For six years, Janet Skotnicki and her miniature schnauzer, Annabelle, were a volunteer team with the nonprofit organization Hand-in-Paw. Hand-in-Paw arranges for animals and their owners, once they are certified by the national Delta Society, to volunteer in various capacities such as visiting cancer patients in the hospital. Janet had trained Annabelle to be calm in hospital settings, affectionate toward the patients, and even perform tricks to entertain the kids.
All the while, Janet suffered from a condition of her own: a rare auto-immune disorder which would eventually affect her balance. For years she has worked as an R.N. at UAB Hospital. But in 2007 she noticed her balance was getting worse, so she transferred to an office setting within the hospital.
She also prepared to make a more dramatic change. She now needed help stabilizing herself as she walked and found that mobility walkers were not really doing the trick. One was so bulky she couldn’t hoist it into her car by herself, “so she couldn’t go anywhere without me,” says her husband, Michael. “It really limited her freedom.” Another walker was more lightweight but also flimsier and caused Janet to have to lean over it as she held on to walk. Moreover, the walkers were conspicuous. Because Janet is only 37, with no visible impairments, she got a lot of double-takes from strangers wondering why she needed one.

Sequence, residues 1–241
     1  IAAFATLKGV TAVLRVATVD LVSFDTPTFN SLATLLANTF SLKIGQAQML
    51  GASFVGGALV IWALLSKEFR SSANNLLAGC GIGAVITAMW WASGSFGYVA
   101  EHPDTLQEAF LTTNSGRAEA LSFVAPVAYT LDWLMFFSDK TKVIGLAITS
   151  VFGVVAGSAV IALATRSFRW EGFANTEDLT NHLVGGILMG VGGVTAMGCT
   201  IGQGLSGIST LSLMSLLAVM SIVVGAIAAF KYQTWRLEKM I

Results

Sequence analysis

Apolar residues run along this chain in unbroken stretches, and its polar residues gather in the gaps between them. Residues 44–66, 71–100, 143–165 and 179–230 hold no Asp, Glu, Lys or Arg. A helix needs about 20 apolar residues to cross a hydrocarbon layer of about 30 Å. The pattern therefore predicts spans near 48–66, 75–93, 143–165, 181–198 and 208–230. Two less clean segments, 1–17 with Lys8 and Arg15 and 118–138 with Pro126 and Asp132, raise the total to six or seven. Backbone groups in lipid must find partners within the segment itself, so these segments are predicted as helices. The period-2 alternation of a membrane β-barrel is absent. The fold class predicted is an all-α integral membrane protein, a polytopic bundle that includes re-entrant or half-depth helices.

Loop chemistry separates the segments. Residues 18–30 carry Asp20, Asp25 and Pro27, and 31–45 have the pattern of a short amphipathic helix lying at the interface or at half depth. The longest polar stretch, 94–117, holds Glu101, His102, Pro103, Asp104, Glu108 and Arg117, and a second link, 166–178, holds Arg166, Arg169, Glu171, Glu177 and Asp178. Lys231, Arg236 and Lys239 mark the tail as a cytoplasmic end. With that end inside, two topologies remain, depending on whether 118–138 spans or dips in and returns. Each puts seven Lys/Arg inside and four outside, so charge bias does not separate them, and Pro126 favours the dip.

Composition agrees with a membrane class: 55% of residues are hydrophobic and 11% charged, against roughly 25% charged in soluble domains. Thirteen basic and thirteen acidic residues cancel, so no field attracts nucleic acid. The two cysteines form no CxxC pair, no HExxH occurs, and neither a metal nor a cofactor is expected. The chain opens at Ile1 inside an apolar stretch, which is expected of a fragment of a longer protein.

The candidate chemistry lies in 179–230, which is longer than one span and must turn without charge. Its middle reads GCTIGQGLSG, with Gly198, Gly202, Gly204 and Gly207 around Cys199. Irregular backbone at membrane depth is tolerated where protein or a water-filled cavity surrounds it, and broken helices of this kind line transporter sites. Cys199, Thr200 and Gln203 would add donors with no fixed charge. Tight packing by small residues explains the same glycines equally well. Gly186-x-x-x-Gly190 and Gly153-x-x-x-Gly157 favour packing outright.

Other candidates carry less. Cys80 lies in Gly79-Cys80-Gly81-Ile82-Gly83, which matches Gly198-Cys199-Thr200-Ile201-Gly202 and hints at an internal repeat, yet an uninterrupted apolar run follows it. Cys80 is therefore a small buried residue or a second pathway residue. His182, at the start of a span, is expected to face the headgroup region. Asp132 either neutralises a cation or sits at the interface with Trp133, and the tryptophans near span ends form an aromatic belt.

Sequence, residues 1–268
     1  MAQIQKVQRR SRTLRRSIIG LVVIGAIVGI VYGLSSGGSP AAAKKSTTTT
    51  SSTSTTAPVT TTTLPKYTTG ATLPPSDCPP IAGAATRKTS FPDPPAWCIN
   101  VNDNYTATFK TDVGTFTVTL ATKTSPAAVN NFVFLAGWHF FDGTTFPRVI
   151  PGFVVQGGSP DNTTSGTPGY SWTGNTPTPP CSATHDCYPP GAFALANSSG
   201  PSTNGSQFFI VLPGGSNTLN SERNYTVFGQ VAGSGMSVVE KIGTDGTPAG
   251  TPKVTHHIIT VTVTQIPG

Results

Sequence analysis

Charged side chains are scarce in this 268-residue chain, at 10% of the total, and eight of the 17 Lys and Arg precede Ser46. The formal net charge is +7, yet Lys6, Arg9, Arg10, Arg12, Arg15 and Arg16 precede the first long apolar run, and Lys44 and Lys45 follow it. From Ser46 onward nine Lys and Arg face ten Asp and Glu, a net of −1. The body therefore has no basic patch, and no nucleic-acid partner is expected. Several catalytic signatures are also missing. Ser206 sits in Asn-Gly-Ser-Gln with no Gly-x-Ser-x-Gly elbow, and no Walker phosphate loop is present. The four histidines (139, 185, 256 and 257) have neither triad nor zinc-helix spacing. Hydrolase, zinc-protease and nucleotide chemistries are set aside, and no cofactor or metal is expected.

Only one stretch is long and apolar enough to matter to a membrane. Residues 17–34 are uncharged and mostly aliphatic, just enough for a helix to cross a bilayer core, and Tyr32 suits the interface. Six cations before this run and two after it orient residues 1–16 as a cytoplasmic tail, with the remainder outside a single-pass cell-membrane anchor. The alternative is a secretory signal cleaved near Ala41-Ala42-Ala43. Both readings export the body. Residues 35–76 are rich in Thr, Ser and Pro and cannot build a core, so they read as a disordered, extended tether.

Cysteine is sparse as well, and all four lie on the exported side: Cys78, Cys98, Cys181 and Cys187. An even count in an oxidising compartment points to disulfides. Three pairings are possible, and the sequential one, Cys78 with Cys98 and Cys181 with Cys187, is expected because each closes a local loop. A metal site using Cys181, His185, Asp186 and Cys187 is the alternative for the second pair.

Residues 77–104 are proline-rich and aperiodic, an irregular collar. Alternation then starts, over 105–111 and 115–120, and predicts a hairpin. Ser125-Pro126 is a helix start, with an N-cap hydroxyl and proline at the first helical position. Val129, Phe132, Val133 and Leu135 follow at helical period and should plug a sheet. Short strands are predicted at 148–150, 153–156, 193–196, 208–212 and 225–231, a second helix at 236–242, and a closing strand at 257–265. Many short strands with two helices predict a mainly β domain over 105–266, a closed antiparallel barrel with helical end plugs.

So she decided to try something else. Because of her experience with Hand-in-Paw, she had heard of dogs trained to help people who have trouble with balance and thought that might be the answer for her. “Once I started having to use a walker, I knew I really wanted a service dog instead,” Janet says.
A First Try
She applied to organizations around the country that provide dogs trained for purposes such as this. Last August she finally got a call from one in Massachusetts: they had a Great Dane who seemed like a perfect fit for Janet. She and Michael got in the car and made the long drive to get the dog, named Heidi, and spent a week in which Janet and Heidi worked together to test Heidi’s training and Janet’s ability to walk with her. The good news: Janet could tell right away that walking with a dog helped tremendously with her balance. The bad: Heidi displayed so much nervousness and anxiety that Janet feared she might lunge or behave erratically in certain situations, which would pose a real danger.